Wednesday, June 08, 2005

On the Shelf at On the Fence

The formidable Adam Daifallah has tagged me in the latest Internet sensation to rock the blogosphere. (UPDATE: So has everyone's favourite Moose Pampler Matt Hayday, whose blog I do indeed read through my Bloglines.) So here goes:

Number of Books That You Own:

I have about 275 with me here in Toronto and probably another 300 back in Montreal, not counting my boxes of children’s books and comic books.

Last Book Bought:

Break, Blow, Burn: Camille Paglia Reads Forty-Three of the World’s Best Poems. To be honest, I’m not terribly impressed by Paglia’s readings of Shakespeare’s sonnets.

Last Book I Read:

Barbershops by Tally Abecassis and Claudine Sauvé. It’s a coffee table book full of pictures of and interviews with Montreal barbers. I read it for work and you can read all about it in on the Avenue page of today’s National Post.

Five Books that mean a lot to me:

I like the phrasing of this. No pressure to come up with the five books that mean the most to me, but just five books that mean a lot to me.

The Corrections by Jonathan Franzen. Whenever I hear someone say that a book changed her life, I roll my eyes. But The Corrections did change my life in an awfully personal way and I’ll leave it at that. The scene where Chip kicks his Christmas presents up a flight of stairs is the funniest-saddest thing I’ve ever read.

Copenhagen by Michael Frayn. Ha, ha! Not a book at all, really, but a play. (About 170 of the books I have here in Toronto are really plays.) Anyway, I read this play before I saw it, so I’ll include it here. I think about this fictionalized meeting between Werner Heisenberg and Niels Bohr at least once a week, or its central lesson at least: That we can never really know why we do what we do. Also, I like it because Frayn wrote it (his best play) at age 65. What am I so worried about? I got plenty of time.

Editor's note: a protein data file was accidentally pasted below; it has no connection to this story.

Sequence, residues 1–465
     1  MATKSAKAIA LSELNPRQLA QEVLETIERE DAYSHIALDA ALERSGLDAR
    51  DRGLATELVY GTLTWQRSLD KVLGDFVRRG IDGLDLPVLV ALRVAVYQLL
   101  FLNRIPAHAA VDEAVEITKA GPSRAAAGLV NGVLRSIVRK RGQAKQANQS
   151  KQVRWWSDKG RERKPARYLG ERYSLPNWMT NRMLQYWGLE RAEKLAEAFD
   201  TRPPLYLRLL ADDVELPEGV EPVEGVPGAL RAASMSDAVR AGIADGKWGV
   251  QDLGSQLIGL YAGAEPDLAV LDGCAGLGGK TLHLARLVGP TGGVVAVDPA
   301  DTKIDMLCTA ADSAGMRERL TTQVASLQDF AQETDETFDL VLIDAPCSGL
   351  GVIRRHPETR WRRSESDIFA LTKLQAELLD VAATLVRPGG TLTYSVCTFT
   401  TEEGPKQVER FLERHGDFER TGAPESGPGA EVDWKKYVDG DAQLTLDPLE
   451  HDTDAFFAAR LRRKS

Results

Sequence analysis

Arguments for a Theatre by Howard Barker. I wish everyone involved in this would read this book. "The dramatist’s obligation becomes an obligation not to a political position… but to his own imagination. His function becomes not to educate by his superior political knowledge, for who can trust that? but to lead into moral conflict by his superior imagination. He does not tailor his thought to an ideology, but allows it to range freely over a landscape in which he himself should experience insecurity, exposing his own morality, his own politics, to damage on the way. In an age of unitary thought and propaganda, this is his first responsibility."

Down to This: Squalor and splendour in a big-city shantytown by Shaughnessy Bishop-Stall. Bishop-Stall's account of a year spent in Tent City is a brilliant piece of gonzo Canadian journalism. I think anybody who thinks they understand the problem of homelessness should read this book. (Also, I have to tout Shaughnessy's book at every available opportunity, or he'll tell more people about the musical version of Plato's Symposium he saw me act in once...)

I Love Me, Vol. I: S. Wordrow’s Palindrome Encyclopedia by Michael Donner. Ridiculously exhaustive.

As I understand it, it is now up to me to tag five bloggers: Go Aaron Wherry! Go Uncle Cam! Go Optimus Crime! Go Matthew F.! Go Andrew Coyne!

Or don’t go. No pressure.

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